September 15, 2011
Playing by the rules
In his review of The Big Book of Adventure Stories, an anthology of classic pulp fiction, Allan Massie notes that
Sincerity is essential in this sort of work. The author must believe in what he is writing if the reader is to believe while reading. Irony is out. The masters of popular fiction always play by the rules.
And David Goldman points out that "ordinary people can't be expected to learn a new style every time they encounter the work of a new artist (neither can critics, but they pretend to)." In the real world of consumer art, not playing by the rules means that
today's "serious" artists write for a miniscule coterie of aficionados in order to validate their own self-invention, and get university jobs if they are lucky, inflicting the same sort of misery on their students.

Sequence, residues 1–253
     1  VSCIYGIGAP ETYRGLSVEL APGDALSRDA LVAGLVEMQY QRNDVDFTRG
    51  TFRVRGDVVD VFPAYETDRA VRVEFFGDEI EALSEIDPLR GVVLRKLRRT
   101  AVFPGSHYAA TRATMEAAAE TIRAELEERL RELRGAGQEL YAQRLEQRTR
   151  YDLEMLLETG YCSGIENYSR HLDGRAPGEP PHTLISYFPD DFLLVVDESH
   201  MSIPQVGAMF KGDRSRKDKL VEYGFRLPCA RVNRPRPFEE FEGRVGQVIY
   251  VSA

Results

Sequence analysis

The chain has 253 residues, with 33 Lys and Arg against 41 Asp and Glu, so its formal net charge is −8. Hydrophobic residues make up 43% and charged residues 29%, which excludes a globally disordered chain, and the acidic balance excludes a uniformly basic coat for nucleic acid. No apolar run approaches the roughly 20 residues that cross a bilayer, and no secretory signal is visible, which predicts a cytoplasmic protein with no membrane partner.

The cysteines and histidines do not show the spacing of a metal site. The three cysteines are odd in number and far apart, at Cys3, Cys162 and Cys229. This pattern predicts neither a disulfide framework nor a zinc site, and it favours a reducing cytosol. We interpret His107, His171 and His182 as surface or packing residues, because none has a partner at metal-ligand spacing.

As a result, the "sort of art that appeals to a general audience has retreated into popular culture," which, Goldman quips, "is not the worst sort of outcome." Agrees screenwriter Robert Ben Garant:
What people need to embrace and accept, if you're going to be a writer in Hollywood, is that every single movie has the exact same structure, exactly, whether it's Die Hard or Night at the Museum . . . But the problem that a lot of young screenwriters have--and by that, I mean the baristas at Starbucks--is that they are struggling because they think formula is a bad word.
This problem can trip up established veterans. Recurring flaws in Joss Whedon's work seem to spring from an unwillingness to leave the hard lifting to the formula. Or maybe it's because he turns over the reins to assistants, who then try to be "creative."
This was somewhat understandable with Buffy, because of the inherent age and setting limitations. Angel suffered from neither, and should have been a witty noir PI drama (with a supernatural edge), a once popular but sadly underserved genre.
Alas, the show kept piling on cast members and ending the world (literally) in order to generate enough conflict to keep everybody interested. By contrast, with David Boreanaz basically playing an older Angel, Bones has mostly avoided these problems.